Find a background that works superbly with the focal length you are using and then find an attractive subject to place in the foreground for a sure win. Sometimes different lighting on the subject and background can create a look that stands out.
Research Your Next Shoot
Determine what subject you want to photograph, determine where and when is optimal for that subject, and make plans to be there with the right gear. Utilize apps such as The Photographer's Ephemeris and Photo Pills to determine the alignment of the celestial attractions.
Sign up for a workshop going to a location that interests you. Enjoy the anticipation of capturing your planned image(s).
Improve an Image You Already Shot
Re-post-processing is a thing. Hopefully your photo editing skills are improving and likely you captured some great images in the past that could now be re-processed for better results. Perhaps some challenging images you didn't attempt processing are now within your capabilities.
Now is a great time to learn a new software application. Consider adding Photoshop & Lightroom, Capture One, and/or Luminar (use coupon code THEDIGITALPICTURE to get a $10.00 discount) to your kit and skill set.
Share What You Shot
If you are not already maintaining a portfolio site, now is a great time to set one up. I use SmugMug and highly recommend their service which optionally includes selling. Plans start at only $48 per year and a 14-day trial is available.
Consider taking your marketing/professionalism to the next step by purchasing a personal domain name and hosting for it. Through experience, I can tell you that there are a lot of bad web hosts out there. There are also some very good ones and an inexpensive host I have grown to trust is InMotionHosting. SmugMug can also utilize your custom domain name with their hosting.
If you already maintain a portfolio site, this is a good time to remove the lower-grade images still there. Your skills are surely improving and some of those old images are no longer reflecting your abilities.
Print What You Shot
You now have time to create that family or trip photo book you have been putting off. Perhaps it is time to put some of your prints on your walls. Consider metal prints — they are awesome and you don't have to select or buy a frame. Also not requiring a frame and loved by most are canvas prints. Printique (formerly AdoramaPix) is one of my favorites.
Backup What You Shot
You have a backup plan that includes secure, remote off-site storage, right? If so, make sure that those backups are current. If not, fix that problem ASAP. WD My Passport external drives are a great option.
Scan What You Shot
Still have prints and slides hanging around? Don't wait any longer to digitize them. I used the predecessor to the Epson Perfection V550 Photo Film and Document Scanner to digitize my old prints and the kid's artwork and still use it to eliminate most of my paper receipts.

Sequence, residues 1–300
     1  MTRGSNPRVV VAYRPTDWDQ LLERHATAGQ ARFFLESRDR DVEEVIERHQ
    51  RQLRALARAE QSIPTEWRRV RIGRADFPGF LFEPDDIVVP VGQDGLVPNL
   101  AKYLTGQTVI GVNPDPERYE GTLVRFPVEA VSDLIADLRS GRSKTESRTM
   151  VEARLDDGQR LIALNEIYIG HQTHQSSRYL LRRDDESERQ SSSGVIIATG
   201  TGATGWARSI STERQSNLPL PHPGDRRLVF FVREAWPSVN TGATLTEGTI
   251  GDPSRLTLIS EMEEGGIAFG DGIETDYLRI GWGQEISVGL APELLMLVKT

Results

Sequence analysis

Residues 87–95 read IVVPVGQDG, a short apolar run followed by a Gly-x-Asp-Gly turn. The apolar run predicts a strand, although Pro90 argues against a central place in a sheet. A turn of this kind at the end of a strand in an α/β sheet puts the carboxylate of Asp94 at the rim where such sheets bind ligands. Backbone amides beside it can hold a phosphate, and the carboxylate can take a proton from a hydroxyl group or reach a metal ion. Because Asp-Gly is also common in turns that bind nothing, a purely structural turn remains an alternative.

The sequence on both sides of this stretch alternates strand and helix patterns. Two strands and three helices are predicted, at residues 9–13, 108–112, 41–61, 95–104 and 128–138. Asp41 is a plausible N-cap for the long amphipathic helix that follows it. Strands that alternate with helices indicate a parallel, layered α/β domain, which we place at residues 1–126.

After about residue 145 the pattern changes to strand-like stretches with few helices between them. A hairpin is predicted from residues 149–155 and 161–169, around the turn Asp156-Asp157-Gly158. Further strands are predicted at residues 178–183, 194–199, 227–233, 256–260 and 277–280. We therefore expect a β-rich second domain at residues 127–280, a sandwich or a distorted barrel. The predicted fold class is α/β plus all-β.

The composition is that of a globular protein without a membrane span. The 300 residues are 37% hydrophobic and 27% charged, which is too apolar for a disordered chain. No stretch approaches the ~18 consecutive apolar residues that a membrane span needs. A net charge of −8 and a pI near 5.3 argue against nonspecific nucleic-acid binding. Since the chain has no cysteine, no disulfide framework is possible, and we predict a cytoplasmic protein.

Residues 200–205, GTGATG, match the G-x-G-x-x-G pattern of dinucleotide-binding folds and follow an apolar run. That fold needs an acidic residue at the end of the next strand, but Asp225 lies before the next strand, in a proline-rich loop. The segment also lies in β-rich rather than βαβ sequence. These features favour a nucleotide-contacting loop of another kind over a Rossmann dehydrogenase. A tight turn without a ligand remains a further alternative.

Learn to Shoot Better
Learning is worth intentionally interrupting work for and the decision to spend time learning during a forced interruption is a no-brainer. Our Photography Tips page is a good place to start. Professional Photographers of America (PPA) has made a huge set of free online classes available.
Upgrade your Computer and Home Office
You have been tolerating that old, slow computer for long enough. It is time for a change and you have time to set up a new system, migrating your images and workflow. A faster system will save you valuable time later and a more reliable system will save more than time. I have been using Dell XPS computers for about 20 years.
While at it, if kids are involved, upgrade all of the systems. Education is extremely important and making learning easier will encourage that practice.
Is your printer adequate? A wireless printer makes life much easier in our house.
Do you enjoy music while at your desk? A quality sound system can make a big difference.
During a time of change is a good time to drop bad habits and start new ones. Hopefully something just said has stirred your creativity and motivation. Move in positive new directions. This world is a better place with you in it — carpe diem.
By Roger CicalaRead the entire article on the LensRentals Blog.
I’m qualified to talk about this subject to some degree; I take care of a ton of camera equipment, and I was a physician in my past life. And I’ve had so many requests for information about this that it seems logical to put something out, so everyone has access to it.
Disinfecting Equipment and People – What you can and can’t accomplish.
If you are going out amongst people, you’re taking some risk. You can reduce it, but you can’t eliminate it. Masks protect others from you a bit; they don’t protect you from others. Beards increase your risk of both giving and receiving a bit and negate any benefit of a mask. Gloves keep stuff from getting on your fingers, but otherwise, virus transfers from gloves-to-face and gloves-to-anything else just fine.
This virus transmits by aerosol, so if you breathe an infected person’s air, bad things happen. That’s what the 6-foot rule is about, although 6 feet probably isn’t quite enough. The virus also settles on surfaces, and if you touch the surface and then your face, bad things happen. How long the virus can live on surfaces isn’t clear and depends a lot on the surface and ambient conditions. At least 8 hours is a reasonable rule for encapsulated virions (virus particles), but under ideal (for the virus) conditions 24 hours seems likely. There have been some reports of 72 hours in lab conditions, but that seems unlikely in real-life conditions.
So there’s one thought for you; if the gear hasn’t been touched or breathed on in 24 hours, it’s almost certainly safe; at 72 hours, you can take off the almost.